At the resulting hearing on May 16, 2018, CPSC convened three panels of four panelists each, hearing from consumer advocacy groups, manufacturing associations, standards organizations, and other interested parties.[6] The panelists identified wide-ranging hazards, from common physical hazards associated with electronic products such as contact burns to hazards unique to connected devices such as the ability of predatory hackers to monitor the location of children. They also shared their visions for addressing the safety concerns of IoT moving forward. Most panelists acknowledged the need for the convening of industry working groups, continued reliance on informal guidance from leaders in network security, and development of voluntary or mandatory standards.    While not expressly addressed in the text, the IoT Framework appears to incorporate some of the ideas and information generated by the May 2018 hearing.[7] 

IoT has been an area of focus at CPSC over the last few years as internet-connected products have increased in popularity. The CPSC published a Staff Report in January 2017, “Potential Hazards Associated with Emerging and Future Technologies,” that briefly addressed potential safety hazards unique to connected devices as part of its overview of the dangers of emerging technologies generally.[8]In 2018, the focus intensified with CPSC’s solicitation of feedback from the industry. 

Stakeholders who have been following CPSC’s progress on this topic may note that the IoT Framework is not intended to address cybersecurity or data privacy. This is a recurring theme in CPSC communications on IoT. In the Notice of Hearing, CPSC admonished presenters to stay within the realm of product safety, stating “this hearing will not address personal data security or privacy implications of IoT devices.”[9] The panelists at the hearing, however, generally took the position that consumer product safety could not be addressed separately from data security and privacy with respect to IoT products.[10] The FTC’s Bureau of Consumer Protection (BCP) also submitted written comments in response to the Notice, opining that “security risks associated with IoT devices may implicate broader safety concerns, not just privacy,” and sharing its “expertise in promoting IoT device security” to make several recommendations to CPSC.[11] Given this feedback, CPSC acknowledges in its IoT Framework the natural intersection of data privacy and product safety while continuing to narrow the focus on the true safety aspects:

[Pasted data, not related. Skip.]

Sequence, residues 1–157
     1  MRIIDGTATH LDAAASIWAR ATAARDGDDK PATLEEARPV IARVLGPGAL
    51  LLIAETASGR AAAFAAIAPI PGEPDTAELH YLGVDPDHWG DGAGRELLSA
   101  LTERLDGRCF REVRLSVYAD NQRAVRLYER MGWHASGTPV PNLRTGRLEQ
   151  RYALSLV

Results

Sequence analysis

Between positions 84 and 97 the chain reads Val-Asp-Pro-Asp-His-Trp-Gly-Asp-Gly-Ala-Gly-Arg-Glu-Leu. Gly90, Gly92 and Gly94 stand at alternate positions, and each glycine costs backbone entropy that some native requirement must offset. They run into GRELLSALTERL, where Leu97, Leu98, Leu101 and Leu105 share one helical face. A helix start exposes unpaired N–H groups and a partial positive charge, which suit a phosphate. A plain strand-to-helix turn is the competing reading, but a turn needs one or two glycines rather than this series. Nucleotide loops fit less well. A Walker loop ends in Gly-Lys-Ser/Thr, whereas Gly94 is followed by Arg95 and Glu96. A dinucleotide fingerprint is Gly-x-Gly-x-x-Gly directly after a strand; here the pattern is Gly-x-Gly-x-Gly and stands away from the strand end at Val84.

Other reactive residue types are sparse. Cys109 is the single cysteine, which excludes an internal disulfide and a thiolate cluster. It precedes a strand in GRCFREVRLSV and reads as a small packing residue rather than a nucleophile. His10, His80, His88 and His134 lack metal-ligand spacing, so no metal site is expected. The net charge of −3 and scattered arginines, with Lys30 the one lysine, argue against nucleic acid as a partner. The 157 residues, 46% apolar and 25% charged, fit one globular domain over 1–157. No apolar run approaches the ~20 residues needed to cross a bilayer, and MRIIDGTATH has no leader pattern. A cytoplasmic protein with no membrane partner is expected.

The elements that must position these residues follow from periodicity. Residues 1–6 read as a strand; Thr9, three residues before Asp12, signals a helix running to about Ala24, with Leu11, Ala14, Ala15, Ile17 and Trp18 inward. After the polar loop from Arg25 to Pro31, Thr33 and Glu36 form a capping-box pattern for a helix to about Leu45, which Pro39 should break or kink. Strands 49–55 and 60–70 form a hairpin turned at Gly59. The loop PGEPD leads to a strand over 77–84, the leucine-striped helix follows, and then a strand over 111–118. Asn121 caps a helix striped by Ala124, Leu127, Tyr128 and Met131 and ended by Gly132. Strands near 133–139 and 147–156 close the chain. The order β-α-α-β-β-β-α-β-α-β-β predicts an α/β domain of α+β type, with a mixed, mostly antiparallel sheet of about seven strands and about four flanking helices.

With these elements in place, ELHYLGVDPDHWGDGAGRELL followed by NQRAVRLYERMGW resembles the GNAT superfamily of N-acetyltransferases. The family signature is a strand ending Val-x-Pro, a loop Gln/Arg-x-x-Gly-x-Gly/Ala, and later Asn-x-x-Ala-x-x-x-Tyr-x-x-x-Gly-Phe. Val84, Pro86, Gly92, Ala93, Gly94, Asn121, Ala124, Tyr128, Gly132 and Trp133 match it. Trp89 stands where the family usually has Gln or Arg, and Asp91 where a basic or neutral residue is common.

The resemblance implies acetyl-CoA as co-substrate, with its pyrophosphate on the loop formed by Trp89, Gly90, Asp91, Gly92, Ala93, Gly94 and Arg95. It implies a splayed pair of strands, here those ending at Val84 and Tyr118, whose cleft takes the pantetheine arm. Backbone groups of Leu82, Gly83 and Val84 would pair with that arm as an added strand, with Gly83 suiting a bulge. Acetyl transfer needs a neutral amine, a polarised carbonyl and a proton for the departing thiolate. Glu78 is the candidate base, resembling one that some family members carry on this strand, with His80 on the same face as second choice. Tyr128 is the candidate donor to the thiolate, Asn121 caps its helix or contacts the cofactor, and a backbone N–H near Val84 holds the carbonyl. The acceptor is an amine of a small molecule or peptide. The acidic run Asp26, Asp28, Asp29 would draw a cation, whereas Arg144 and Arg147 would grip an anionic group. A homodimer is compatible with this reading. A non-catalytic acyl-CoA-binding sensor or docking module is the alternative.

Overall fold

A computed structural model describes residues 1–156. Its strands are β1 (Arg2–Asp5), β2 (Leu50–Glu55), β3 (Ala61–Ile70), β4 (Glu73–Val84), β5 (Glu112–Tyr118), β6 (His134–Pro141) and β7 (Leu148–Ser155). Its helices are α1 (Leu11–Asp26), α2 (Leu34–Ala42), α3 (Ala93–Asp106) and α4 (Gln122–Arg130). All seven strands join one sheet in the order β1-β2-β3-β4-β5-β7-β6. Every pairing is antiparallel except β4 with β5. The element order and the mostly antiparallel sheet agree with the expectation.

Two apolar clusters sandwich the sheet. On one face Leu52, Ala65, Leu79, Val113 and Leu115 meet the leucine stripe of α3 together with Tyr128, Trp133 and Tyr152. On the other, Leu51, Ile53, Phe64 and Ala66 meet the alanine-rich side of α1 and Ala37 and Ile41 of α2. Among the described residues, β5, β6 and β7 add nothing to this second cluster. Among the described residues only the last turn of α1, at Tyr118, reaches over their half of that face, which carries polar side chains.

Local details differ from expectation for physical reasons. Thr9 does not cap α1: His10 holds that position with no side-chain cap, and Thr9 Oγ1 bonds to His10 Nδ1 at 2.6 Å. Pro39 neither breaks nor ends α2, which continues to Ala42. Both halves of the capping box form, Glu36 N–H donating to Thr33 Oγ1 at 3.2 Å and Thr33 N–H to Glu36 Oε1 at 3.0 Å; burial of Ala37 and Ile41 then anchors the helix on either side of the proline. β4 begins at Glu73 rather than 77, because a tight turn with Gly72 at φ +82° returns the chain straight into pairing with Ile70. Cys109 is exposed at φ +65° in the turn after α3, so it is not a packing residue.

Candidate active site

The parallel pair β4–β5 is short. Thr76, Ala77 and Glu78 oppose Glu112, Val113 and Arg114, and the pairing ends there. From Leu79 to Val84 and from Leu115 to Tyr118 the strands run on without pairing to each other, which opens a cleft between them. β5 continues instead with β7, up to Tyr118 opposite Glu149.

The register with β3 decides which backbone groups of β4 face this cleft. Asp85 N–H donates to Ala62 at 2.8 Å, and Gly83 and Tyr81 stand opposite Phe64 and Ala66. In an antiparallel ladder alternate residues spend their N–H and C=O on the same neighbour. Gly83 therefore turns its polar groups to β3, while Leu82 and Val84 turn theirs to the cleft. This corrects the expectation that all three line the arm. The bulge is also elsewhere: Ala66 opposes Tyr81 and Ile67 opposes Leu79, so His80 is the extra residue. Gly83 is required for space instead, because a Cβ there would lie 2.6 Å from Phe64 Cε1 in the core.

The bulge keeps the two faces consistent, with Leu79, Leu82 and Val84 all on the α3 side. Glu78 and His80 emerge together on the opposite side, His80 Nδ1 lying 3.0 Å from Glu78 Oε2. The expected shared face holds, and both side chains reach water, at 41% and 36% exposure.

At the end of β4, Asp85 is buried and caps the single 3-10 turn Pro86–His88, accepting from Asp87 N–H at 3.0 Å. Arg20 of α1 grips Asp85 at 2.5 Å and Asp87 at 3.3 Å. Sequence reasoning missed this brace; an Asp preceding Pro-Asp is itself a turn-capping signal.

This framework is not specifically intended to address issues related to the personal privacy or data confidentiality of information ….  While the best practices for injury prevention, information security and consumer privacy often overlap … consumer product safety issues are unique and need special consideration.[12]

Indeed, the IoT Framework’s best practices themselves acknowledge the need to address data security to prevent safety hazards. In several instances in the IoT Framework, CPSC advises the developer to “[a]ddress information security and privacy” in the development of the product, with reliance on previously developed industry guidance from other sources. The IoT Framework also provides some specific data and security recommendations for particular end uses, such as:
  • Implementing parental controls when connected devices will be accessed by children;
  • Providing adequate “transparency in data collection, data sharing, and data use so that consumers can make informed decisions about their own data and any potential risks that may arise from the repurposing of that data”; and
  • Addressing vulnerabilities that could lead to potential criminalization and weaponization of connected systems (such as nursery products or alarm systems) or inherently dangerous products (such as a connected stove).